Day 11 of the new serial “12 Days of the Foot” featuring Joe, Chad, Mike, Sammy sharing some insight on each track on the new album. In this episode: “Future In The Past.“
Chickenfoot CD review from Get Ready To ROCK!
Whatever your views on the merits of a super group, this album rocks.
From the opening Satch guitar squall and Chad Smith’s pounding drum pattern to Sammy Hagar’s exclamatory ‘hey you’ yell, on ‘Crossing the Borderline’ this is an album that bursts at the seams.
And with a stellar line-up of Joe Satriani, Sammy Hagar and a pulsating rhythm section of Chad Smith and Michael Anthony you are never going to get less than full commitment. But misquoted Hagar comments about this band being bigger than Zeppelin aside, this is one powerful combo with enough good songs and collective fire in the belly to impress even the most cynical rock fan.
Indeed it should be noted that Hagar puts in an incredible shift for a 60 year old, while Satriani’s playing is the perfect foil for a band that over the course of 11 tracks quickly forges its own style.
For make no mistake, this is no Hagar and friends album. Sure he and Satch have some priceless moments but this is a collective shit kicking band as evidenced by ‘Soap on a Rope’.
Sure there are echoes of the Plant/Page axis but hey this is a hard rock combo after all, and these guys rip it up as evidence by the powerful playing and poignant lyrics of ‘Running Out’. This is one of a surprisingly high quotient of songs with lyrical messages.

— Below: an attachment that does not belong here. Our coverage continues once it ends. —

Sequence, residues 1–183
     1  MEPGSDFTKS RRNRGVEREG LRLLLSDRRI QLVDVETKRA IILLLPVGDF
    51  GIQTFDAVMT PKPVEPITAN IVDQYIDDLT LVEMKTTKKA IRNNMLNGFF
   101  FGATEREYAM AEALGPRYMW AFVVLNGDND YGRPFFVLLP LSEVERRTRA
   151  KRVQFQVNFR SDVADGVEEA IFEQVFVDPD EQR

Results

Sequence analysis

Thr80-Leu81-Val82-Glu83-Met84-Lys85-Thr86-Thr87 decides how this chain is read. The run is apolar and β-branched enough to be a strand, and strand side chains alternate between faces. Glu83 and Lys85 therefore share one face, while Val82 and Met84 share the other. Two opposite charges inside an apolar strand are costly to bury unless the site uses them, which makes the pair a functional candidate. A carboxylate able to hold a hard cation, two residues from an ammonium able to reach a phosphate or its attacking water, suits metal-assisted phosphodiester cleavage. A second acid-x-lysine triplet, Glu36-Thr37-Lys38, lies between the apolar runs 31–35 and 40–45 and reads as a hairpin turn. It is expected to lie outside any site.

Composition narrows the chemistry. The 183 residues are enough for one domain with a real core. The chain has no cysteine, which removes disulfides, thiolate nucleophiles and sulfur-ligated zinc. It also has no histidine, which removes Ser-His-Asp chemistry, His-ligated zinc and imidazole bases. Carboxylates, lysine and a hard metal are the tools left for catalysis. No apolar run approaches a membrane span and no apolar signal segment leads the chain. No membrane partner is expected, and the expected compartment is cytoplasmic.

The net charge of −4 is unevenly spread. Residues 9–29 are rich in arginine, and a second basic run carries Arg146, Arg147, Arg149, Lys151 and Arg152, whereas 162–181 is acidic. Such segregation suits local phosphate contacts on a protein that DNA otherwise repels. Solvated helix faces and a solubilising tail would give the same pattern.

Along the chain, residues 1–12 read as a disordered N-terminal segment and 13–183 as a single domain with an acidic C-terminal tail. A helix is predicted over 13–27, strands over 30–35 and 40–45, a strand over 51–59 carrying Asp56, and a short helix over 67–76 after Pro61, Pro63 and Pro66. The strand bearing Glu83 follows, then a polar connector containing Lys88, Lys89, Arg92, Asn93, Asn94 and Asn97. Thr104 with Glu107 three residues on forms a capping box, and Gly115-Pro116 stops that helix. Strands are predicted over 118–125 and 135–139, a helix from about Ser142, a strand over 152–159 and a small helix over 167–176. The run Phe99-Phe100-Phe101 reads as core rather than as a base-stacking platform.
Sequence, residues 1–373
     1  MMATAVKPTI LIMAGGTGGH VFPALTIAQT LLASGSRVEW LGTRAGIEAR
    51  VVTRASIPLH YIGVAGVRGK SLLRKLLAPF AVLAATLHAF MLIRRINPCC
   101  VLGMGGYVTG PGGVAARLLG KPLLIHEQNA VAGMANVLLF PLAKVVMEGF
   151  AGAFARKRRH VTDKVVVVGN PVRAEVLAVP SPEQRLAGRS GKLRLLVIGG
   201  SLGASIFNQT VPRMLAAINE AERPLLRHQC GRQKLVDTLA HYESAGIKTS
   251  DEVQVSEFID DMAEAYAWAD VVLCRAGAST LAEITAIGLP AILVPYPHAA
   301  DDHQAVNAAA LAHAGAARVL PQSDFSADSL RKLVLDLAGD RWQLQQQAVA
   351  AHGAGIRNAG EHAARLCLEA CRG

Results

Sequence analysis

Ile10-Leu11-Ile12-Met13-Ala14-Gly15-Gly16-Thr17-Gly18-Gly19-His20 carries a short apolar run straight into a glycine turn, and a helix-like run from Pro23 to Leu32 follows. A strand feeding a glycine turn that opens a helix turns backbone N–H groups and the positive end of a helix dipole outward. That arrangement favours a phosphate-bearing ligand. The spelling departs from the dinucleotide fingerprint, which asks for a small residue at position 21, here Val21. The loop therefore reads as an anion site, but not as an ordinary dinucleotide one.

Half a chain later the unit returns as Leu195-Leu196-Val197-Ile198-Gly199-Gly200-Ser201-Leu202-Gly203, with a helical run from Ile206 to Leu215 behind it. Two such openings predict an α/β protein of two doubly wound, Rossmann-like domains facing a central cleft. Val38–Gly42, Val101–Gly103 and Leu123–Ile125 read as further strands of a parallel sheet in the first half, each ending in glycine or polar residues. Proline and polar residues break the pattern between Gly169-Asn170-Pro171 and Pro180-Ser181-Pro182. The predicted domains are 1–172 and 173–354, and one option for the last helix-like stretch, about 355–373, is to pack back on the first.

So while the sing-along hooks might be in place there’s more to the album than clichés and virtuoso solos. That said, ‘Running Out’ does let Satch cut lose with a blistering solo and he adds some killer pile driving riffs to ‘Get It Up’.
Perhaps the most significant thing about this album is that Joe has finally achieved a career goal of finding a vocal led band that can accommodate his startling playing and song writing abilities. There is even a moment of priceless spontaneity on ‘Down the Drain’, when Joe works up his most grungiest groove and Sammy yells across to him ‘is that that new thing Joe? It better be’, before concluding, ‘is that it Joe, but that’s cool though’. Sammy then launches into one of his most bone crushing vocals and the tension is broken by the two line chorus. Brilliant stuff.
And there’s even room for ‘Learning To Fly Again’, a cute rock ballad on which Sammy alters his vocal attack as much as anyone with his gut bursting lungs could. And as if to restore a sense of balance, the band subsequently rock out with real vigour on the back of some lightning Satch riffs on ‘Turning Left Again’. Frankly if this track alone doesn’t light your fuse, you are past it! All the ingredients are there from the pounding rhythm section to Satch’s incredible guitar lines – including an occasional judicious scratch – to Hagar’s venomous vocals. Hell, he even affects a Gillan scream three quarters of the way through. Just killer stuff!
The closing track ‘Future in the Past’ finds Hagar slipping into a Pete Townsend style refrain as Satch weaves his magical spell for an anthemic ending to a great album.